John Grisham has no desire to ever run for office again.
Though his name pops up every now and then on ballots in Virginia and Mississippi, the mega-selling author, former lawyer and politician emphatically vetoes the idea of a return to public service.
“I wouldn’t take a seat in the U.S. Senate if it was given to me and guaranteed for 20 years with no opposition,” says Grisham, who served as a Democratic representative in the Mississippi state House of Representatives from 1983 to 1990.
Getting fired up, he declares, “Look, I’ve got the easiest life in the world. I don’t want to go to Washington and sit through subcommittee hearings on Medicare. How much fun is that? No.”
Besides, he’s having too much fun writing books. Grisham, who turns 54 on Sunday and has started an official Facebook page to reach out to fans, had an especially good time working on his new legal thriller, “The Associate.”
Grisham’s 22nd book tells the plight of a bright young attorney who is in over his head at an amoral, high-powered corporate law firm. Shades of “The Firm,” the 1991 best seller-turned-blockbuster movie that established him as the Stephen King of his genre. This time, the drama begins when the handsome lawyer-hero, Kyle, gets blackmailed into spying on his employer after some shady agents discover an ugly secret from his past.
“It really reminded me of `The Firm.’ … It’s an escape. It’s popular fiction,” Grisham says.
With “The Associate,” Grisham tries to recreate the suspense of older hits such as “The Firm,” “The Pelican Brief” and “The Client,” without wrapping his plot around a weighty issue or social injustice. After writing books that veered into sports and coming of age, and a nonfiction account of a rape-murder, he returned to the familiar genre. The demands of fans for vintage Grisham began nagging at him.
“Many times people say things like, `I really like your books but I love your early stuff,’” he says. “And it took me a while to realize that we all tend to think that way — whether it’s about authors or especially musicians, bands we liked when we were younger or we discovered years ago.”
Grisham, eager to satisfy his readers and reclaim some of his 1990s mojo, set out to pen a page turner that would deliver escapist thrills and chills. He couldn’t resist using Manhattan as a backdrop for the action involving corporate espionage and other wicked activity.
“The biggest law firms are here. The most noted, the most prestigious — it’s a long list,” he says in his deep drawl, projecting an air of smooth confidence during an interview at the New York office of publisher Doubleday, a division of Random House.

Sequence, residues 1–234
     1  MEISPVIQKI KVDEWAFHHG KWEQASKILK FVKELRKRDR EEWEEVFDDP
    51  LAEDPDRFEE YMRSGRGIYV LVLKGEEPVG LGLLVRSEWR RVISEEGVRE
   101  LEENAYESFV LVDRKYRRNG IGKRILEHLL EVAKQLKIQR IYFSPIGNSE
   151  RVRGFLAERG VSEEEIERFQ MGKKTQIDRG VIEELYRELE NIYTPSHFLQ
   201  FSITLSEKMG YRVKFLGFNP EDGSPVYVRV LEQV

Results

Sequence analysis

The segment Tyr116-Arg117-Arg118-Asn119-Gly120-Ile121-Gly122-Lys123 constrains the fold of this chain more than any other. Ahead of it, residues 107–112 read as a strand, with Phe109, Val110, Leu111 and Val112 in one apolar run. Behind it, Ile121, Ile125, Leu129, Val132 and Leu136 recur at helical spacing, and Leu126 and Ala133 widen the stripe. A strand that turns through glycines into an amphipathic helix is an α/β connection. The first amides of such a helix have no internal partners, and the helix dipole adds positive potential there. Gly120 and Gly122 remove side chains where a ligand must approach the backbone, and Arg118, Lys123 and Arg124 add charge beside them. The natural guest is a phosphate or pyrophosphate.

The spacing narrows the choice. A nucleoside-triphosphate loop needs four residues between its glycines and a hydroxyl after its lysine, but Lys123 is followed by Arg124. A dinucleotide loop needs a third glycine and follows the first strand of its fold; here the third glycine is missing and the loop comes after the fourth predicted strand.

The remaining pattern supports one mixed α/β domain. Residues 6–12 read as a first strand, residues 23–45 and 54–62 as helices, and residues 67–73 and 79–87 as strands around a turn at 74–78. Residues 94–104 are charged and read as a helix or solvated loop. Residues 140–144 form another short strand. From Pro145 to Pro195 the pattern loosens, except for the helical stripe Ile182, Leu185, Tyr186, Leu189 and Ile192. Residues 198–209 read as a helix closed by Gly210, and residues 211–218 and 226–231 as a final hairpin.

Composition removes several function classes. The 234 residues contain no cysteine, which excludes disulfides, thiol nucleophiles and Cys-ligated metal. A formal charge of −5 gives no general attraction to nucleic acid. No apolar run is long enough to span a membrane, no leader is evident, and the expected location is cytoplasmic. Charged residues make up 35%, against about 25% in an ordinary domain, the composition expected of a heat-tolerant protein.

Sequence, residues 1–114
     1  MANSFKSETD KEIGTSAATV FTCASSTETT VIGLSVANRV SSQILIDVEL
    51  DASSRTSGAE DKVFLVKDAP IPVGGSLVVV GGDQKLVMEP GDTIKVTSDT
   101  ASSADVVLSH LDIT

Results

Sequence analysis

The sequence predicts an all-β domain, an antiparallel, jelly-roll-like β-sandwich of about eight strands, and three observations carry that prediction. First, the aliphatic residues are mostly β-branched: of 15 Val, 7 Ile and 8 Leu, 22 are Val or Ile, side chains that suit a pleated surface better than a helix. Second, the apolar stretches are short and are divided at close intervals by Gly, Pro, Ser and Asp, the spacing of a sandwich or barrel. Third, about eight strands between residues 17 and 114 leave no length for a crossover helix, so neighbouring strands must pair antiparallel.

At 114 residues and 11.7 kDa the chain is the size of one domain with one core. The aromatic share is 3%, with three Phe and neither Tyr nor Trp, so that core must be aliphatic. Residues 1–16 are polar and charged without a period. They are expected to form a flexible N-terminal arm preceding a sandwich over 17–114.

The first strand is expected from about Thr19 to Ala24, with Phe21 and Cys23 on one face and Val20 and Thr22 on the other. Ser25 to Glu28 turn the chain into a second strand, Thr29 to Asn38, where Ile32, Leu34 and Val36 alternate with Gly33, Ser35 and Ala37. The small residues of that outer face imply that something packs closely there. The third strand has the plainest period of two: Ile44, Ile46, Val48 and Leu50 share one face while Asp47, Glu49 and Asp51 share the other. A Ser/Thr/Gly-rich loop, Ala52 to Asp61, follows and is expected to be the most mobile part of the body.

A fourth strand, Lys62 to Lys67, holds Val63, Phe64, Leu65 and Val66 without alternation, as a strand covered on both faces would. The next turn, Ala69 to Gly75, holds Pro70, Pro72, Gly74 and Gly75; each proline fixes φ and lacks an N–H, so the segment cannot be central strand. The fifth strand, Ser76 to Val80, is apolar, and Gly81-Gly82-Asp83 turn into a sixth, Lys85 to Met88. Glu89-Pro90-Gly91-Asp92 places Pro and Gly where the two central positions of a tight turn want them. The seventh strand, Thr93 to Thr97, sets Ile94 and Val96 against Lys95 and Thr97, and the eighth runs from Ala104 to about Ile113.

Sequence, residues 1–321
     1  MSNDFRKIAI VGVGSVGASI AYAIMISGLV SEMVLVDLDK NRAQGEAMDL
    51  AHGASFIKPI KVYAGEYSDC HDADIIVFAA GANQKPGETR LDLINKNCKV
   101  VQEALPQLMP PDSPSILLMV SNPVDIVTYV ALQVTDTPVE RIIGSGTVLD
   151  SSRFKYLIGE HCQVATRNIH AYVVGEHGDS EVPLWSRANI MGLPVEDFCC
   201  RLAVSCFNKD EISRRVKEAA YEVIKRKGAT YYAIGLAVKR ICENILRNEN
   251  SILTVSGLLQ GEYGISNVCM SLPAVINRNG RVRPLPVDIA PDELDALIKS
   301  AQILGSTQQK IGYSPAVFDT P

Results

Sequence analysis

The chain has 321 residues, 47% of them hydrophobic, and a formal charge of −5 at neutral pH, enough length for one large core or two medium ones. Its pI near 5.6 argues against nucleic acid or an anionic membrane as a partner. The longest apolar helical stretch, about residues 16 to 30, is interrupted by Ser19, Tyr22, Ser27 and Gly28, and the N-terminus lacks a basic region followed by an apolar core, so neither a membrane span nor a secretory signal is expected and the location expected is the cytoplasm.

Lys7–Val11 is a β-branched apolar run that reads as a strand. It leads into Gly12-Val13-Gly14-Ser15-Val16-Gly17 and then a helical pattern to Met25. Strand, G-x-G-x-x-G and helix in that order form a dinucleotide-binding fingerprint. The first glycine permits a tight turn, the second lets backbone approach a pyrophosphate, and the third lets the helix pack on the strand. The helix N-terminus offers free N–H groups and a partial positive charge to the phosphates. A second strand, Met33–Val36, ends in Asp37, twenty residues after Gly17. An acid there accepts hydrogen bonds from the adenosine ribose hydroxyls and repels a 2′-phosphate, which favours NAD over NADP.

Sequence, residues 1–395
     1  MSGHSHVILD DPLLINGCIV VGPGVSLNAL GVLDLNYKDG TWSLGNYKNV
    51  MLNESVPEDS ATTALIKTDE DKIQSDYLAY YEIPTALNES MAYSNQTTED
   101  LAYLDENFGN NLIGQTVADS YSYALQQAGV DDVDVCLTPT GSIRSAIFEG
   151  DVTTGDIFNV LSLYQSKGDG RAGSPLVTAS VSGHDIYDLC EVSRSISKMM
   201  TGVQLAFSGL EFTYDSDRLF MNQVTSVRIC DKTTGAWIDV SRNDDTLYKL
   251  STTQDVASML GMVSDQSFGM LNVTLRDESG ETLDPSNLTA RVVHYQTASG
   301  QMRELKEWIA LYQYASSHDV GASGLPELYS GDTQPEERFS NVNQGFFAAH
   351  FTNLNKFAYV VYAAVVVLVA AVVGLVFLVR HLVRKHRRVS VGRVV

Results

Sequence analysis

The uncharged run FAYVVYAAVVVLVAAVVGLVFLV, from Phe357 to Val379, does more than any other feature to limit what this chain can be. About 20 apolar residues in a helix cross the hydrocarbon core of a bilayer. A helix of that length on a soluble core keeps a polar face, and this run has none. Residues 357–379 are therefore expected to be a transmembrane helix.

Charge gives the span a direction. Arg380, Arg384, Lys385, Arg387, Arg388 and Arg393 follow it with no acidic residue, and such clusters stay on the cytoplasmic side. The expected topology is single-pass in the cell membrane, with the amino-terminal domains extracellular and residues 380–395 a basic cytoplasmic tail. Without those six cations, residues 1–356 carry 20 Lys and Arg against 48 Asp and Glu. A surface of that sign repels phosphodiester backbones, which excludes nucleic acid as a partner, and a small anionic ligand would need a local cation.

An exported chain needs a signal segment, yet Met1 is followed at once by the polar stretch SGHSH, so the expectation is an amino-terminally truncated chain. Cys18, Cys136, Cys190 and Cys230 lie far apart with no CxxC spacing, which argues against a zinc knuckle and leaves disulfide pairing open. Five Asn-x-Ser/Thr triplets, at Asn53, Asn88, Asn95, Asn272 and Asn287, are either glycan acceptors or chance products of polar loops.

Most intriguing to Grisham: “The legend and the lore of how (corporate law firms on Wall Street) treat associates. … It was just irresistible. Plus, I love New York.”
The author, who splits his time between his farmhouse in Mississippi and a plantation near Charlottesville, Va., hired a young lawyer to be his research assistant and gather off-the-record stories from associates in New York firms. He also read blogs by disgruntled lawyers painting brutal portraits of the workplace.
“This is not cheap factory labor — these are Ivy League kids,” he says, “and they’re just getting chewed up and treated like (they’re) disposable.”
Doubleday released “The Associate” last week and ordered up 2.8 million copies of the book, already topping best-seller lists.
Paramount Pictures has already purchased the movie rights and cast 22-year-old Shia LaBeouf in the leading role.
“It’s good for the career, good for the book business — very excited about it,” says Grisham, whose books have been turned into movies starring Tom Cruise, Julia Roberts, Denzel Washington, Matt Damon and Samuel L. Jackson.
Another deal that excites him: Hillary Clinton’s new gig as Secretary of State. Grisham and his wife were big supporters of Clinton during the past presidential campaign and were disappointed when she lost the Democratic primary to Barack Obama.
If Clinton were in the White House, Grisham joked they’d “still be at the Inauguration.”
As for President Obama, Grisham says, “He’s very smart, he’s shrewd. He has good people around him. And he wants to be a great leader and a great president. And I think he’s up to it.”
Grisham thinks Obama’s hope-soaked honeymoon will last a long time. But the political junkie wonders why anyone would want to be president.
Grisham, who has sold 235 million books worldwide, likes his job better.